Ancient Mysteries Egypt Egyptian Mythology and Egyptian Christianity

Egyptian Mythology and Egyptian Christianity

Egyptian Mythology and Egyptian Christianity
Catalog # SKU1800
Publisher TGS Publishing
Weight 1.00 lbs
Author Name Samuel Sharpe


Egyptian Mythology
Egyptian Christianity

Samuel Sharpe

Egypt is unique in its place in history, for that land and people, has had the stamp of every major religion upon its culture. This book explores some of those influences, whether they originated in Egypt, were forced on Egypt, or were brought in by other cultures and missionaries. Examining this book objectively it is not hard to see that the Jesus of the Christians played out the fulfillment of the ancient Egyptian religions and prophecies.

From the Author:

THE history of religious error is the history of the mind wandering in its search after Truth. We meet among the gross idolatry of one nation, as in the purer religion of another nation, the same acknowledgment that man is not his own creator, and that he is dependent for his welfare upon the will of some being or beings more powerful than himself.

The cultivated man, when studying the wonders of the creation around him, traces them back through numerous secondary causes to one great First Cause, and thus arrives at the belief in One Undivided God; and feels more sure of the truth of his reasoning in proportion to the simplicity to which it leads him. On the other hand, an observing but unphilosophical man, in the childhood of the world when he had noted the various secondary causes which produce all the effects which meet his senses, would perhaps look no further; and he thus arrived at the belief in a variety of gods. But this is not always the case.

Some nations seem, like the modern Turks, to have arrived at a belief in one God, as if from indolence of mind, from blind fatalism, from mere want of observation of the numerous causes which are working around them.

Thus many of the Arabic races in the neighbourhood of Egypt, as well as the Israelites, traced the hand of one only God, or Great First Cause, in all they enjoyed and all they suffered. But the Egyptians, like the Greeks and Romans, seeing so many causes at work, and not perceiving that they might all be set in motion by One First Cause, thought that every blessing that they received, and every misfortune that befel them, was the work of a different god. They thus peopled the seen and the unseen world beyond with a variety of beings or powers.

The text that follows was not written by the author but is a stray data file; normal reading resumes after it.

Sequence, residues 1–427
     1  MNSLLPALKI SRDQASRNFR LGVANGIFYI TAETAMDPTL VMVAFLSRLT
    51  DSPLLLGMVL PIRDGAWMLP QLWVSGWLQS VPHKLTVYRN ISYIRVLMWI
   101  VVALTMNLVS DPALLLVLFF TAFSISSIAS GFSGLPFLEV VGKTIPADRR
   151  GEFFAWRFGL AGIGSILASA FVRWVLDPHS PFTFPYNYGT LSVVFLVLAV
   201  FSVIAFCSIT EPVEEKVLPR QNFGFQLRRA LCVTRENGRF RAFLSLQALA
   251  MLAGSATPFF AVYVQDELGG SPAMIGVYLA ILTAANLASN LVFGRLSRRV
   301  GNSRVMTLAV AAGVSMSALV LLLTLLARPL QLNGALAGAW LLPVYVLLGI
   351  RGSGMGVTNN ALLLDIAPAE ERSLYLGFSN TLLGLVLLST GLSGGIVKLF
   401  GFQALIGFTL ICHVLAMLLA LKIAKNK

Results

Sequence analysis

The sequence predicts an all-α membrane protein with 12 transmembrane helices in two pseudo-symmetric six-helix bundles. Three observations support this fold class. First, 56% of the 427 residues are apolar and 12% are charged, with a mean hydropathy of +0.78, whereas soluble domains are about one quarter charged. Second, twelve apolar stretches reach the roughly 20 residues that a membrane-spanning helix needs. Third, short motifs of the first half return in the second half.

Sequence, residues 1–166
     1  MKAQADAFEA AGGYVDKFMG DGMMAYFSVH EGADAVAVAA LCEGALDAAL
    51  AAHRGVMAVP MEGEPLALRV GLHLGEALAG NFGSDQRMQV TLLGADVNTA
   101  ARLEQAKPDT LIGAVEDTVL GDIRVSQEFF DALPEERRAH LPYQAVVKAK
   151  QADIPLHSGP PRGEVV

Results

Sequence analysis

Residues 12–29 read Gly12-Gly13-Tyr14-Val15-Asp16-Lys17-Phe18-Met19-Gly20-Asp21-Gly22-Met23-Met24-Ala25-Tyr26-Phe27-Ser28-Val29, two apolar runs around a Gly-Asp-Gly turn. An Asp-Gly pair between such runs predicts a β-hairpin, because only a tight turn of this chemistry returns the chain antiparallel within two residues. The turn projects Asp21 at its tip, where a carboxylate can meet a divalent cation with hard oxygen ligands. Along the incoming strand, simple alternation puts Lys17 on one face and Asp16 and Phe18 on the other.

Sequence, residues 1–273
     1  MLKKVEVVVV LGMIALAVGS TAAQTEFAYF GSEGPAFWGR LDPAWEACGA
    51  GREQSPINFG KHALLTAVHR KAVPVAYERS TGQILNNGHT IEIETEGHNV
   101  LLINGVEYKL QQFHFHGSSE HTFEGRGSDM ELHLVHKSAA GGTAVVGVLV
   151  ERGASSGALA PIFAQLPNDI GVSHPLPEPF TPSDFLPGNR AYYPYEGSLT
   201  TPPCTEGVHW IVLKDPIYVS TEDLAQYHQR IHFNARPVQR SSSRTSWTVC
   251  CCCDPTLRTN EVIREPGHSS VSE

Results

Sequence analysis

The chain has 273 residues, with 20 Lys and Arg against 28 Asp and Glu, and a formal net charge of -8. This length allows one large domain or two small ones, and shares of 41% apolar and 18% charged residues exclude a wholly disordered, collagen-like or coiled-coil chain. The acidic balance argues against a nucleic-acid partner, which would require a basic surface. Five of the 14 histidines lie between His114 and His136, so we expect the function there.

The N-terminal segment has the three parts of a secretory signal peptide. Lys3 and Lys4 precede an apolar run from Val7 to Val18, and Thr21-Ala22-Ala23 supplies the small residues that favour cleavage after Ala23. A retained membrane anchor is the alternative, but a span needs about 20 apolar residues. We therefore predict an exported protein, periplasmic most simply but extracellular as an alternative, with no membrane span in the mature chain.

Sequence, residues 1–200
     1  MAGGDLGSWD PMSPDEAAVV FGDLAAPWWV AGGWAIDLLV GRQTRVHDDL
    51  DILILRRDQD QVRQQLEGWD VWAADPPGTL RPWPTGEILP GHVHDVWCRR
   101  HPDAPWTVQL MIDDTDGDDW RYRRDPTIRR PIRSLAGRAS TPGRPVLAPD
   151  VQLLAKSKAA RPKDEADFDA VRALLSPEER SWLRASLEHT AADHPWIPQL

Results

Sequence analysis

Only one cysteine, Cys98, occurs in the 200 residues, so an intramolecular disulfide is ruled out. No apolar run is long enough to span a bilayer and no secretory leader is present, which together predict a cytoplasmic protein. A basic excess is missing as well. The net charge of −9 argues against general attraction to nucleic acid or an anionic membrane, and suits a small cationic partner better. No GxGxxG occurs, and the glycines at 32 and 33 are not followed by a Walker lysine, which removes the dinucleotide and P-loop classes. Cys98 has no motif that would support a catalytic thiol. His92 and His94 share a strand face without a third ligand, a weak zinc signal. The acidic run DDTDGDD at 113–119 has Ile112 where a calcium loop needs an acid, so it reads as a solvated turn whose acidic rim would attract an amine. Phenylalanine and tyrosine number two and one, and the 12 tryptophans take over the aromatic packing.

To these they returned thanks for the blessings that they enjoyed, or more often, as led by a melancholy and less grateful disposition, addressed entreaties that they would withhold their injuries and punishments.

The sculptured monuments of the country teach us the figures and sometimes the characters of these imaginary beings, together with the cities and parts of the kingdom in which each was more particularly worshipped.


First among these gods of the Egyptians was Ra, the Sun, or Amun-Ra, The Great Sun, whose warmth ripened their harvests, but whose scorching rays made his power felt as much as an enemy as a friend. His sculptured figure wears a cap ornamented with two tall feathers, and sometimes with the figure of the sun (see Fig. 2). He was the King of the Gods. He was more particularly the god of Thebes.

Over the portico of the Theban temple there is usually a ball or sun, ornamented with outstretched wings, representing the all-seeing Providence thus watching over and sheltering the world. From this sun hang two sacred asps wearing the crowns of Upper and Lower Egypt (see Fig. 1).

Every Egyptian king bore the title of Zera, the Son of Ra (see Fig. 27), and many of the Theban kings took the name of Amunmai, beloved by Amun. From him the Romans borrowed a name for their god-Jupiter Ammon. This god was at times called Adon-Ra, from a word for Lord, known also in the Hebrew language.

In the western half of the Delta the Sun was worshipped as Mando-Ra. Like Amun-Ra, he wears the two tall feathers, and the Sun on his head, but he differs from him in having a hawk's face (see Fig. 3). In our woodcuts these gods each carry in their left hand a staff, with an animal's head, and in the right hand the character for life. A cow's tail, the ornament of royalty, hangs down behind from the waistband. After the fall of the kings of Thebes we find a violent attempt was made by the kings of the city of Mendes to introduce into Thebes the worship of Mando-Ra, in place of Amun-Ra.


Chapter Outline
List of Illustrations
The Egyptian Mythology.
The Religion of Upper Egypt.
The Religion of Lower Egypt.
The Religion Under the Persian Conquerors.
The Religion Under the Ptolemies.
The Religion Under the Romans
Christianity Under the Roman Emperors.
Christianity Under the Byzantine Emperors.
Author's Afterword

Softcover, 6¾ x 8¼", 160+ pages
Perfect-Bound - 110 Illustrations - Large Print 14 point font

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